Wednesday, September 25, 2013

End of the millennium psychosis blues

"What are you guarding in this particular post modernist gas chamber?"


"How would you know if somebody stole it?"

The most obvious thing to say about Mike Leigh's Naked - recently screened as part of the Barbican's Urban Wandering season - is that it is a violent film and that much of the violence is directed towards women. Its themes of misogyny and women as the much-abused objects of male frustration, makes it tough going, especially as the violence is sometimes played, if not exactly for laughs, then certainly with an eye for dark farce. Naked flips disorientatingly from black humour to something approaching slapstick and back again, meaning that you are never quite sure where the encounters it depicts are heading. It is as if Leigh, determined to make a diffident kind of film, keeps snapping back to his more usual fare.

Naked's inclusion in a season of films about London suggests though that it can be read as an exploration of the city as much as human relationships. London is portrayed here with an almost apocalyptic, end-of-the-millennium bleakness. 

It's almost impossible to watch any film made in London over the last thirty years without it in some way offering a commentary - however inadvertent - on the city's gentrification, but Naked's choice of locations makes it particularly revealing in this respect.

It begins with a violent sexual encounter in a Manchester backstreet from which Johnny - the film's anti-hero - escapes in a stolen car. In a brilliant opening sequence, he drives to London through the night along an almost deserted motorway before dumping the car by the side of the road somewhere on the outskirts of the city.  Somehow he finds his way to his ex-girlfriend's flat in Dalston*. For the next few days he careers around London, taking in Soho streets, West End offices and a particularly dystopian scene below what looks like a motorway flyover.

I had assumed this latter scene was filmed below the Westway but at the Q+A that followed the film's screening, Mike Leigh revealed it, not without irony, to be Shoreditch. Appropriately enough, these days the same spot comes complete with a pair of decommissioned, graffiti covered tube trains hoisted up on to a warehouse roof and used as studios for hipster design companies

The use of buildings and settings is actually superbly handled throughout. The Dalston flat manages to be both absolutely unremarkable and highly theatrical. The curving flight of stairs up to its elevated front door adds a spatial drama to the frequent comings and goings, as well as the seemingly final departure of Johnny. And the interior, with its weak sunlight creeping in behind curtains, manages to be neither comically scummy nor particularly wholesome. Its ordinary, vaguely but not too obviously unappealing, like any number of flats you might have passed through in your time.

There are two exceptional urban scenes in the film though. The first is filmed in Soho where the camera sits closely cropped on an Italian delicatessen window late at night. There is a general sense of chaotic activity so it takes a while to realise that our attention is being directed to one person in particular. Or rather two, because Johnny, slumped in a doorway is watching the same guy as us, a frantic, aggressive young man marching up and down the road shouting for a missing girl. The familiar desperation of a place like Soho with its fleeting, potentially electric, encounters is captured brilliantly.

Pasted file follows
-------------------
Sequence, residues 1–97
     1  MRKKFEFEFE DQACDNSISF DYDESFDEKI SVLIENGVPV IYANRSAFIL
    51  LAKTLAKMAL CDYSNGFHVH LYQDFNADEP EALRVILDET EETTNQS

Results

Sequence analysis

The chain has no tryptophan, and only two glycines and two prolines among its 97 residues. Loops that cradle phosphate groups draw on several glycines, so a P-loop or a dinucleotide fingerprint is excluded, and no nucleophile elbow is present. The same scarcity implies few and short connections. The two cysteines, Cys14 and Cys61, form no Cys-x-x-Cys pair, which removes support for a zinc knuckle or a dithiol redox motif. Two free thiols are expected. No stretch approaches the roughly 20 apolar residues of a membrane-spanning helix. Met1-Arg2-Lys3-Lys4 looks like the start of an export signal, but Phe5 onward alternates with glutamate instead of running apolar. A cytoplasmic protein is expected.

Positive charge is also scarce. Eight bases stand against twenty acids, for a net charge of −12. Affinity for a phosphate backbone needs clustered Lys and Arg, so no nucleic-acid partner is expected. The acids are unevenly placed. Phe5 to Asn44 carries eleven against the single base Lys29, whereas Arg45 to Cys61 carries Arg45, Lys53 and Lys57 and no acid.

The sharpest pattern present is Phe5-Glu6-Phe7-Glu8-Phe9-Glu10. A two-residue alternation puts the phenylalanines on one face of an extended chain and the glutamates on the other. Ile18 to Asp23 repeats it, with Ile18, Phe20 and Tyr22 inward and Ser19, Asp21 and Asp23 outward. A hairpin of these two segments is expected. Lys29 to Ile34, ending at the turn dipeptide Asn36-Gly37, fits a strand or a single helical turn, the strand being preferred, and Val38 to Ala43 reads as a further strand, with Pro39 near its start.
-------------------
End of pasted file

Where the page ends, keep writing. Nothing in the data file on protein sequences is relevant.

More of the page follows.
Later on Johnny finds himself in the doorway of an office block, this time being observed by the building's security guard. The guard lets him in, allowing the rather brilliant exchange at the top of this post to take place. 

The two wander the corridors of the empty building, following the monotonous regime of the security guard and exchanging equally tortured theories on life, the universe and everything. As in real life, Johnny's deep cynicism and nihilistic theorising steamroller all over the security guard's vague, hopeful humanism.

A word too about Johnny, who remains one of the best, most compelling film characters ever created. The film is really nothing without him and the other characters don't come close to his complexity and disturbing charisma. This is one of the faults for the film's detractors of course, the fact that Johnny's relenetlessly bullying monologues are never challenged. He rampages through the lives of those around him, smashing away at their already fragile self-esteem and freaking them out with his elaborate, baroque conspiracy theories. 

He is strangely, eerily familiar, like someone you might have genuinely met once in a bar. He's both fascinating and terrifying company, forever waiting for the next person on whom to inflict his frustrations and formidable intelligence in order to undermine whatever weak resolve they may have formed that life is basically worth living.

There are undoubtedly some poorly drawn characters in the film too. The Porsche-driving, sadistic yuppie Sebastian seems comically absurd now, with his endless, sneeringly ludicrous references to sex. "Have you ever eaten smoked salmon after making love?" he asks at one point, as this was both the height of decadence and erotic transgression. And Clare Skinner's stuttering, neurotic control freak of a nurse is rather silly too, putting a speedy end to the madness that has engulfed her flat while she has been away in sit-com style.

* For location geeks, this is at the junction of Shacklewell Lane and Downs Park Road

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